Some pictures have the power to evoke a sense of peace and relaxation in us. Seeking out that feeling is what’s behind Project Soothe, in which psychology researchers at University of Edinburgh are compiling a database of soothing pictures.
The researchers have been accepting soothing images from the general public, then adding those images to a gallery of soothing images. People browsing the gallery can rate how soothing they find the images to be. The images feature different things like beaches, meadows, and sleeping babies.
So what’s the point of this project? Do the researchers behind it just really enjoy looking at soothing pictures?
Because of the emotions these pictures evoke, the hope is that they can be used for therapeutic purposes. The database is also intended to be used in research to learn more about how the feeling of being soothed arises.
In a recent study, the researchers at Project Soothe surveyed 176 participants to learn more about what situations evoke a sense of being soothed in everyday life.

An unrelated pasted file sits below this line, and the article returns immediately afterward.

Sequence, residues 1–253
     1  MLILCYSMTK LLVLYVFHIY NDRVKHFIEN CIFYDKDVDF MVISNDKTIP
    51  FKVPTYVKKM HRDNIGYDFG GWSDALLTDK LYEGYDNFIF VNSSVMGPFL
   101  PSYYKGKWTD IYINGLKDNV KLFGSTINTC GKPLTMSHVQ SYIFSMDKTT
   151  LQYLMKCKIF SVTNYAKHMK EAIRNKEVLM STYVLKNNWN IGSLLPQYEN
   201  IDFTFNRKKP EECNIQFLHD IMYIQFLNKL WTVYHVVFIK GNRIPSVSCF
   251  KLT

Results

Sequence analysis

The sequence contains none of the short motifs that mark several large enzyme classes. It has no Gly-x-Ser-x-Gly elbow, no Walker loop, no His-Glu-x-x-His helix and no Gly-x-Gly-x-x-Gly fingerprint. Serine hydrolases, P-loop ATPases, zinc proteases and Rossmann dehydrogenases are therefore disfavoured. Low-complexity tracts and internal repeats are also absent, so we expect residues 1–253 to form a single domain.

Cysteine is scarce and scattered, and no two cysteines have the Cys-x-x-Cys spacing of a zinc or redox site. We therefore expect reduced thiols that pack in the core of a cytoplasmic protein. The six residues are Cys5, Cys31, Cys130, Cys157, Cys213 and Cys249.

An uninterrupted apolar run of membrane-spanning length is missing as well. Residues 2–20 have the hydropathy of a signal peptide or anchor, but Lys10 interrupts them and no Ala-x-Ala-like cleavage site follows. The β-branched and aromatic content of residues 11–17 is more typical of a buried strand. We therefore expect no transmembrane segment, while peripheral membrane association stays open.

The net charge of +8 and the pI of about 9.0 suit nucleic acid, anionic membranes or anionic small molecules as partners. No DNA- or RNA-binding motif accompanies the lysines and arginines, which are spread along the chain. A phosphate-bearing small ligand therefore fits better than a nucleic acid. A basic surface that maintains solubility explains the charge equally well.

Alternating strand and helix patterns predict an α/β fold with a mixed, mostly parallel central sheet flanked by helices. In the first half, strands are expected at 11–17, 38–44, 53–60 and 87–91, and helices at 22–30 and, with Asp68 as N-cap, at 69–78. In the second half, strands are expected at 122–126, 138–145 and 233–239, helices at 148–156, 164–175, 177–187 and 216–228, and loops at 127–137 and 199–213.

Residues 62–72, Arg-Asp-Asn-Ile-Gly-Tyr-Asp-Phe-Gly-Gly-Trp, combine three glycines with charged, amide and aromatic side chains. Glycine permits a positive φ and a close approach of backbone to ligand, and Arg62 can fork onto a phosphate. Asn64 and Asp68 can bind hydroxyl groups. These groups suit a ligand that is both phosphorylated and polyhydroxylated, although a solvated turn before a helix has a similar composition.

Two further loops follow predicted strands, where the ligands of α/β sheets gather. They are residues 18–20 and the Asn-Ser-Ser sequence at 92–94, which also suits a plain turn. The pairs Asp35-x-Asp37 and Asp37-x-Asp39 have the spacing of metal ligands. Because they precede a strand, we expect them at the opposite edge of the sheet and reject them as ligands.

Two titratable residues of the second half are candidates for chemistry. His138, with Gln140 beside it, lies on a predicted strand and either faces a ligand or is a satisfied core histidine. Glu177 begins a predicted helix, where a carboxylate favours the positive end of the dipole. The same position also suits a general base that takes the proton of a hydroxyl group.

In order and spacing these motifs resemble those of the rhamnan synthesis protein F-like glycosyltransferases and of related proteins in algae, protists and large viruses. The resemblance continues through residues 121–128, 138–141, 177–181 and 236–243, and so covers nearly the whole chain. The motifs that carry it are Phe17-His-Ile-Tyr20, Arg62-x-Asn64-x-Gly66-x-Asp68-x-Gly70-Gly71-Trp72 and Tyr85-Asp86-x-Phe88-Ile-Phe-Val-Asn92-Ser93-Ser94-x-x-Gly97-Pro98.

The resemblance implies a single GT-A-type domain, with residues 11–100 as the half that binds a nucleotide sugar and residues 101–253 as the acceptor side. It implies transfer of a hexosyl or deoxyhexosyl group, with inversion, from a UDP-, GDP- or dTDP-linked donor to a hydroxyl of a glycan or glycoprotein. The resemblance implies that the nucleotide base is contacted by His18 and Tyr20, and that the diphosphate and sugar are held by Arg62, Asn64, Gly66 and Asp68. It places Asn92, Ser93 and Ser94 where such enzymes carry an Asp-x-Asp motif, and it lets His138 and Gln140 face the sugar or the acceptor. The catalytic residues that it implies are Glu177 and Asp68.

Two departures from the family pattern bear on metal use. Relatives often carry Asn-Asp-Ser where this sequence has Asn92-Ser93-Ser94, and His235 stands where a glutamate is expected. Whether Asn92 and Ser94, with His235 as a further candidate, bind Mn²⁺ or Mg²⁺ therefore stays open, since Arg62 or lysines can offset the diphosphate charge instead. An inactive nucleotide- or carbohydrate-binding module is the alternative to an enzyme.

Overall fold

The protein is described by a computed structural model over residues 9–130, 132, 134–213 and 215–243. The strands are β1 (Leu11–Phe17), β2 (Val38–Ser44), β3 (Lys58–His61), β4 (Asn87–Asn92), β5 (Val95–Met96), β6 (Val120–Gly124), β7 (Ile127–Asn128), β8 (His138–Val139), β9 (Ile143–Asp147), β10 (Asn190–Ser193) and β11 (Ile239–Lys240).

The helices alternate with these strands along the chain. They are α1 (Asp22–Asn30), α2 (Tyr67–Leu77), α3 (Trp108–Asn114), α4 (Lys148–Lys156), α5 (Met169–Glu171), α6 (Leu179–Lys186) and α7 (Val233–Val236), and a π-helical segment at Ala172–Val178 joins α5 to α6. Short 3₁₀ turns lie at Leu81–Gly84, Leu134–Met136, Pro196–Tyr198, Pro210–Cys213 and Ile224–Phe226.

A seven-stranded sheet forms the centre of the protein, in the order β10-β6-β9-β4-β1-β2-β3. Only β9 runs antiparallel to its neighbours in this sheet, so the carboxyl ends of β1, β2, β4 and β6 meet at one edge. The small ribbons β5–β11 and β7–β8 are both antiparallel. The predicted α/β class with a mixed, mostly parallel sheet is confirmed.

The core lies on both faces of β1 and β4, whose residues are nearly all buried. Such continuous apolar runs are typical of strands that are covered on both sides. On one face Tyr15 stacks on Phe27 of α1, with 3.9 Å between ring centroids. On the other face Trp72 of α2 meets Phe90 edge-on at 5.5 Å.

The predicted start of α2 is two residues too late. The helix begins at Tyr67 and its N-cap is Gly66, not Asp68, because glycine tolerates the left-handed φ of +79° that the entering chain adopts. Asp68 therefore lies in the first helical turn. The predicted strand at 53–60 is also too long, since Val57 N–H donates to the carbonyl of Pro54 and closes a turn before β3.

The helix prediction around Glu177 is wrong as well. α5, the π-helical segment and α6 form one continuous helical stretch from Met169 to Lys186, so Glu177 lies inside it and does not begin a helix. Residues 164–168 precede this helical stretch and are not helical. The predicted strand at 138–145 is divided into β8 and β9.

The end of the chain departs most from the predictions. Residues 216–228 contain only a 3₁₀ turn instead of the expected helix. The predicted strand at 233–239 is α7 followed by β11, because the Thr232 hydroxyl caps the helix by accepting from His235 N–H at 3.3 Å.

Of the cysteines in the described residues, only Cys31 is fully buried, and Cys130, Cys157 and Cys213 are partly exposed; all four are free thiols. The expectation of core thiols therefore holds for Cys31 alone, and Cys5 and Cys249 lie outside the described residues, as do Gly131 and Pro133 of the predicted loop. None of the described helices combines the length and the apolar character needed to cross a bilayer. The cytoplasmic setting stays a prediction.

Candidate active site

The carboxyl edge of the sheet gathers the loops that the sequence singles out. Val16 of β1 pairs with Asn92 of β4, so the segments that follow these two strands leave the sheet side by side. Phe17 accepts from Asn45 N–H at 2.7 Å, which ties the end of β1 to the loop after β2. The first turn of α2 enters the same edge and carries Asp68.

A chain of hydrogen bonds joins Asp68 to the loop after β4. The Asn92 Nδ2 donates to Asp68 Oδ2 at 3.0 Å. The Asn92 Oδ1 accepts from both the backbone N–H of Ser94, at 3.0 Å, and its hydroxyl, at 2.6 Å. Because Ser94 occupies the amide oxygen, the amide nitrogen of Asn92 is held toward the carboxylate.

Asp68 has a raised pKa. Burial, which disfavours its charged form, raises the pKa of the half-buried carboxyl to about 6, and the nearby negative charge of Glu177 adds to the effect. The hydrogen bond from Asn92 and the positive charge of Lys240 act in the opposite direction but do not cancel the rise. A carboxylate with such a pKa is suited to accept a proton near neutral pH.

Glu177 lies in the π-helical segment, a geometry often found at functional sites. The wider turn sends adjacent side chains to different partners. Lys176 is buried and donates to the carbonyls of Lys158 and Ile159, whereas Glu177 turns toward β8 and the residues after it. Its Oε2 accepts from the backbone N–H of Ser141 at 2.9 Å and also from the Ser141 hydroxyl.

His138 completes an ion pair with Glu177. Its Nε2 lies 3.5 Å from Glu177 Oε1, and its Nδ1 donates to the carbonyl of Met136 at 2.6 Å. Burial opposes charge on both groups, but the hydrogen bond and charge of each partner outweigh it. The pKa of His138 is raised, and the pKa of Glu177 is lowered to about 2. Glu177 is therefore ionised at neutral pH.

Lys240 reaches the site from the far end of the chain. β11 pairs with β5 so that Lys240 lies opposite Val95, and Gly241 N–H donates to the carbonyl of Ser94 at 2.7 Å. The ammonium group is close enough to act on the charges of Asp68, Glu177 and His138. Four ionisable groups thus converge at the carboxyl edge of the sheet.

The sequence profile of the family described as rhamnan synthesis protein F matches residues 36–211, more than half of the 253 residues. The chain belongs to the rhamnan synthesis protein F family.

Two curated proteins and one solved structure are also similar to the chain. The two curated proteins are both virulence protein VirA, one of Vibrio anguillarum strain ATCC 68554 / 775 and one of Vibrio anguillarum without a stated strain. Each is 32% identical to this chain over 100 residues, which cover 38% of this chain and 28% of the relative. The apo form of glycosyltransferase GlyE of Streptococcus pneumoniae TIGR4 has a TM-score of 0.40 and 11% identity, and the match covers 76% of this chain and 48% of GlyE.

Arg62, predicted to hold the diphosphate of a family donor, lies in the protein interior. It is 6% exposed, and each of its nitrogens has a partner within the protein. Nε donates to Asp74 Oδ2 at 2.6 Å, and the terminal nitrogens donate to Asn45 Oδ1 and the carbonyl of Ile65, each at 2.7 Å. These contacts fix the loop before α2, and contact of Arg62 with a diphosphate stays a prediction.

They found that a sense of connection with nature or with other people had the ability to soothe. Being in a familiar place, being solitary, and cultivating a sense of mental or physical relaxation were also commonly reported as soothing.
People differ, then, in what they find psychologically soothing. And the same person might be soothed by different things in different situations. Sometimes a sense of being connected to others is soothing, and sometimes being left alone is just what the therapist ordered. Generally, people reported that physical sensations were a key aspect of being soothed, but the exact sensory cues that are soothing might depend on the person.
Based on these findings, the authors recommend that psychologists might benefit from exploring what individuals find soothing. Doing so might be able to, as the authors put it, “enhance individuals’ self-compassion by tapping into their understanding and experience of self-soothe in everyday life.”